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The Travel of Ideas in the Age of Steam and Print: The Ottoman Caliphate versus Wahhabism and Mahdism

Ömer Koçyigit defended his thesis on 7 July 2020

Ömer Koçyigit
07 July 2020
Leiden Repository

This thesis argues that the age of steam and print—more specifically, increased access to the steamship, railway, printing press, and telegraph—played a crucial role in the extended dynamic challenges of the ideas of the Caliphate, Wahhabism and Mahdism vis-à-vis each other. It aims to illustrate how these three concepts took on global dimensions by spilling over Ottoman borders and how they affected the Ottoman centre’s reactions to these developments after the revolution in communications and transportation in the second half of the nineteenth century. Ideas about the Caliphate, Wahhabism and Mahdism had already existed for a long time. However, their spheres of influence had remained limited to a certain area and timeframe, not attaining a global scope until the advent of the new age. The centuries-old Islamic concept of the Caliphate assumed a new global dimension under the banner of Pan-Islamism, and the Ottoman Caliphate claimed spiritual sovereignty over all of the multinational Muslim communities that lived under the control of various authorities, including the British, Dutch, Russian, and French empires. Wahhabism, as the ideology of a doctrine-oriented movement that came into being in the previous century but had remained local, spread all around the world in this new era and thus became a global concern for state rulers. Likewise, the Mahdi creed had existed throughout Islamic history but it became a widespread ideology in the case of the Sudanese Mahdi movement, garnering attention in distant lands and drawing in many Muslims in a short period of time.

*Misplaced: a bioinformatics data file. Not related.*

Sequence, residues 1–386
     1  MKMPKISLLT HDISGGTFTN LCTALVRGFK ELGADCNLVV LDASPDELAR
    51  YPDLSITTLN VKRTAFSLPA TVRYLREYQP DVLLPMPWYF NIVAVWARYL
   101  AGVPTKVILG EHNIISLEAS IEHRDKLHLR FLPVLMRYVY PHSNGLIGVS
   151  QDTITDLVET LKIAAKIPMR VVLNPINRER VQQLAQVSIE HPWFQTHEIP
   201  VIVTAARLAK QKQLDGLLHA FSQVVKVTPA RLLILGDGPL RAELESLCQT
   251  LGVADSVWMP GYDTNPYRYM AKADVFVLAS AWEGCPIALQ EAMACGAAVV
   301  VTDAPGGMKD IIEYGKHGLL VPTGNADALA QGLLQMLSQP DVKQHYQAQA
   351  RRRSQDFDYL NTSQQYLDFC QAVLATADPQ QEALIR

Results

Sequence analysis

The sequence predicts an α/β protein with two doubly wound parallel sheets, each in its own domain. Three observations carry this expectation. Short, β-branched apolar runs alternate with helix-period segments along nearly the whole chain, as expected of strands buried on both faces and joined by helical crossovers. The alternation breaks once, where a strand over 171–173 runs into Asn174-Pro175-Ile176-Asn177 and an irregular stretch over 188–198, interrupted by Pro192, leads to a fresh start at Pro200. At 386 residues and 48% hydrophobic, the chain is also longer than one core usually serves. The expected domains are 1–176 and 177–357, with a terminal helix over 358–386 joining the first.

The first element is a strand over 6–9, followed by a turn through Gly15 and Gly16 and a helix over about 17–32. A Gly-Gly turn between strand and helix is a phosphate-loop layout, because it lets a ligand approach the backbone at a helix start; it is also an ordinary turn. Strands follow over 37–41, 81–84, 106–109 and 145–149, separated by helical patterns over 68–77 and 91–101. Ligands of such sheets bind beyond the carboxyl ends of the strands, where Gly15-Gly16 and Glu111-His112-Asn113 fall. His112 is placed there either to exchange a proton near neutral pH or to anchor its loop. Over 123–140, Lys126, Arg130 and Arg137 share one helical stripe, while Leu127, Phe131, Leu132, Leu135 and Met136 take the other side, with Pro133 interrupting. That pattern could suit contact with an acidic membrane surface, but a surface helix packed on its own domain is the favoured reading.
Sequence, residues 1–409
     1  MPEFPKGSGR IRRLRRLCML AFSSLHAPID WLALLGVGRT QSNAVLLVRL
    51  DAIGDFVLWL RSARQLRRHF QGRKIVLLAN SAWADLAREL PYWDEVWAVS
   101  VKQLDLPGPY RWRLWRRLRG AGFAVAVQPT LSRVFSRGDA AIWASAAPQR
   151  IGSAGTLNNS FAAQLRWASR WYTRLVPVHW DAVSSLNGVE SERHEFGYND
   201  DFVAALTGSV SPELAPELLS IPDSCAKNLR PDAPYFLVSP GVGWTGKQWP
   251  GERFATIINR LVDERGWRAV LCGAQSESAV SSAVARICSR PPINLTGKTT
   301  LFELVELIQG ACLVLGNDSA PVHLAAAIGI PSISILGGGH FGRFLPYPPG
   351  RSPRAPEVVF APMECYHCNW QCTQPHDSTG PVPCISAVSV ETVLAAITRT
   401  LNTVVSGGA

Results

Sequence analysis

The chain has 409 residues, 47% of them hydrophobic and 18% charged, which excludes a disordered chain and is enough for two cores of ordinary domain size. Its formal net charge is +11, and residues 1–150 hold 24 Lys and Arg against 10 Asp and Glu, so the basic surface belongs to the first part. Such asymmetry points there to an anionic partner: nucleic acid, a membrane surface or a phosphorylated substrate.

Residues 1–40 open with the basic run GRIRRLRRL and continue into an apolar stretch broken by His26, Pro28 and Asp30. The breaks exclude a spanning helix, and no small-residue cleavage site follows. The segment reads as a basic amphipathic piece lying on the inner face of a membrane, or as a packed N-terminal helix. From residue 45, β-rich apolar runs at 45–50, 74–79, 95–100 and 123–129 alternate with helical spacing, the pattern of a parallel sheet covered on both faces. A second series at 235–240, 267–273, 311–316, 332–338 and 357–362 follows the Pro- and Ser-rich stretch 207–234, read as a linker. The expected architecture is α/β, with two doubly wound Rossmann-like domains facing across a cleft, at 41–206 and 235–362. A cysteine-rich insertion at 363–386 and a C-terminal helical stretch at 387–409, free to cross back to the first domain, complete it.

Supervisors: prof. dr. E.J. Zürcher, prof. dr. M.Ş. Hanioğlu (Princeton University)

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